And give him half; and for thy vigour,
Bull-bearing Milo his addition yields
To finewy Ajax : I'll not praise thy wisdom,
Which, like a bourn, a pale, a thore, confines
Thy spacious and dilated parts. Here's Nestor,
Instructed by the antiquary times ;
He must, he is, he cannot but be wise:
Bat pardon, father Neftor, were your days
As green as Ajax, and your brain fo temper'd,
You should not have the eminence of him,
But be as Ajax.

Ajax. Shall I call you father ?
Neft. Ay, my good lon.

Dio. Be ruld by him, Lord Ajax.
Ulylr. There is no tarrying here; the hart Achilles
Keeps thicket. Please it our great General
To call together all his state of war ;
Fresh kings are come to Trov; to-morrow
We'must with all our main of pow'r stand fast,
And here's a lord: come knights from east to weft,
And cull their flow'r, Ajax shall cope the best.

Agam Go we to council, let Achilles sleep; Light boats fail swift, though greater hulks draw deep. >


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Enter Pandarus and a feroant. [Mufic within,

Pandarus. Riend! you! pray you a word. Do not you Serv. Ay, Sir, when he goes before me. Pan. You do depend upon him, I mean? Sero, Sir, I do depend upon the Lord.

Pan You do depend upon a noble gentleman; I must needs praise him,

Sero. The Lord be praised!
Pan. You know me, do you not?
Serv. Faith, Sir, superficially
Pan. Friend, know me better. I am the Lord

Sero. I hope I shall know your honour better.
Pan. I do desire it.
Serv. You are in the state of grace.

Pan, 'Grace? not so, friend. Honour and Lord. "Ship are my titles. What music is this?

Serv. I do but partly know, Sir; it is music in parts.

Pan. You know the musicians ?
Sero. Wholly, Sir.
Pan. Who play they to?
Sero. To the hearers, Sir.
Pan. At whose plealure, friend?
Serv. At mine, Sir, and theirs that love music,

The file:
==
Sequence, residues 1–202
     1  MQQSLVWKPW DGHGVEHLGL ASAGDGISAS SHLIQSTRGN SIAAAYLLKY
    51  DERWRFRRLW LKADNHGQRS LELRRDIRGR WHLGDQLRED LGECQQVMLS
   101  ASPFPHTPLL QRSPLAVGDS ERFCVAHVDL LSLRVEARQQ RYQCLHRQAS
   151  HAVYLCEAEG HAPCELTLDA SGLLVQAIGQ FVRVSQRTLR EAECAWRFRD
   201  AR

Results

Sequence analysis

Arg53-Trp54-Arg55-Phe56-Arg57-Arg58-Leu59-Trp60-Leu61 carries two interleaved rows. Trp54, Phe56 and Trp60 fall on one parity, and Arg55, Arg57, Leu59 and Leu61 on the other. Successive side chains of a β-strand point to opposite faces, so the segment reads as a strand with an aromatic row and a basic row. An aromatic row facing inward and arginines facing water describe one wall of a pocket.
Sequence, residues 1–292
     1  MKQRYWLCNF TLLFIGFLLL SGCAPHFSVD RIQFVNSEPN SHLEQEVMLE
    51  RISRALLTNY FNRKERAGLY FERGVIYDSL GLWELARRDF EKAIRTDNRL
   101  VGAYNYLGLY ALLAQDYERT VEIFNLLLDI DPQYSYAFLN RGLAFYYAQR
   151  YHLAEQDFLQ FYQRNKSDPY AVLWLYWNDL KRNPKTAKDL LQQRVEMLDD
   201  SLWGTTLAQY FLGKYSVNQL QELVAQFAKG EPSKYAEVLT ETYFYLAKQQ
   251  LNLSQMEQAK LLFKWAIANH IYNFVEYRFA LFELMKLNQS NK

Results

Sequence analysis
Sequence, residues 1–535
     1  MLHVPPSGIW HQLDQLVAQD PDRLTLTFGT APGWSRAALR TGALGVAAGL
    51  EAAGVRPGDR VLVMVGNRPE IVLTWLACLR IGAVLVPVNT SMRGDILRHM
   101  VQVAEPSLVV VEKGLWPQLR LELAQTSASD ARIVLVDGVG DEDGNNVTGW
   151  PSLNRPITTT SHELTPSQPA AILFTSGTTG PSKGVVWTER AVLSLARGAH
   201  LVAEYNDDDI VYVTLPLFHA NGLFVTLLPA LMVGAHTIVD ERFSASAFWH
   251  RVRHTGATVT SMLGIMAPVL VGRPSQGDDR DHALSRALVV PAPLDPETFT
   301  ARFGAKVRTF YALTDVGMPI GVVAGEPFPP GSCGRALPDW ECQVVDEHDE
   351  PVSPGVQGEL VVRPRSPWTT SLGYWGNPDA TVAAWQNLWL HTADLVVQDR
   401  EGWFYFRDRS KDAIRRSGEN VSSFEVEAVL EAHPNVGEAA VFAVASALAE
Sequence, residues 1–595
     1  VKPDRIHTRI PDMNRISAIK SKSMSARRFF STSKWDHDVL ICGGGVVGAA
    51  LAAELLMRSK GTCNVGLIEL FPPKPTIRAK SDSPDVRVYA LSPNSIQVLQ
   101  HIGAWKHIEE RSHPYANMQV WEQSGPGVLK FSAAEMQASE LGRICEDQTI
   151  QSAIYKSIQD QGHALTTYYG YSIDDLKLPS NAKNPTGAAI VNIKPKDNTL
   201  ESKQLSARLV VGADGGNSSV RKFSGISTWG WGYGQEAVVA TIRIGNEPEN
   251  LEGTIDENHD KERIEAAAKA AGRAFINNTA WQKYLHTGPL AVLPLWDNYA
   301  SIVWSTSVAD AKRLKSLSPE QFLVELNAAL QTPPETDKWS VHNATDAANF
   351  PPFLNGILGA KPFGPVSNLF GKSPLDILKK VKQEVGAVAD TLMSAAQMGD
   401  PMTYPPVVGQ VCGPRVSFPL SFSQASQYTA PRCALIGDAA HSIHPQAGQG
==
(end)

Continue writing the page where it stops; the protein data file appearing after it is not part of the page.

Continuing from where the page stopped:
Pan. Command, I mean, friend.
Serv. What shall I command, Sir?

Pan. Friend, we understand not one another. - I am too courtly, and : hou art too cunning. At whose request do these men play?

Sro. That's to't, indeed, Sir. Marry, Sir, at the requelt of Paris my Lord, who is there in perfon :

with him the mortal Venus, the heart-blood of beauty, love's visible soul.

P21. Who, my cousin Crellida ?

Serv. No, Sir, Helen. Could you not find out that by her attributes?

Pan. It Nould seem, fellow, that thou hast not seen the Lady Crellida. I come to speak with Paris from the Prince Troilus; I will make a complimental assault upon him, for my busine's feethes.

Séro. Sodden business! there's a stew'd phrase, indeed.


Enter Paris and Helen, attended. Pan. Fair be to you, my Lord, and to all this fair company! fair desires in all fair measure fairly guide them; especially to you, fair Queen, fair thoughts be your fair pillow !

Helen. Dear Lord, you are full of fair words.

Pan. You speak your fair pleasure, sweet Queen. Fair Prince, here is good broken music.

Par. You have broken it, cousin, and, by my life, you shall make it whole again; you shall piece it out with a piece of your performance. Nell, he is full of harmony.

Pan. Truly, Lady, no.
Helen. O, Sir
Pan. Rude, in footh ; in good footh, very rude.'

Par. Well said, my Lord; well, you say to in fits *.

Pan. I have business to my Lord, dear Queen. My Lord, will you vouchsafe me a word?

Helen. Nav, this Mall not lieuge us out; we'll hear you sing, ceriainly.

Pan. Well, sweet Queen, you are pleasant with me; but, marry thus, my Lord. My dear Lord, and most esteemed friend, your brother Froilus

• I must frankly own I can see no meaning in thefe words. Possibly the poet might write, Will, you fay fo in jejt. Revisal. VOL. IX.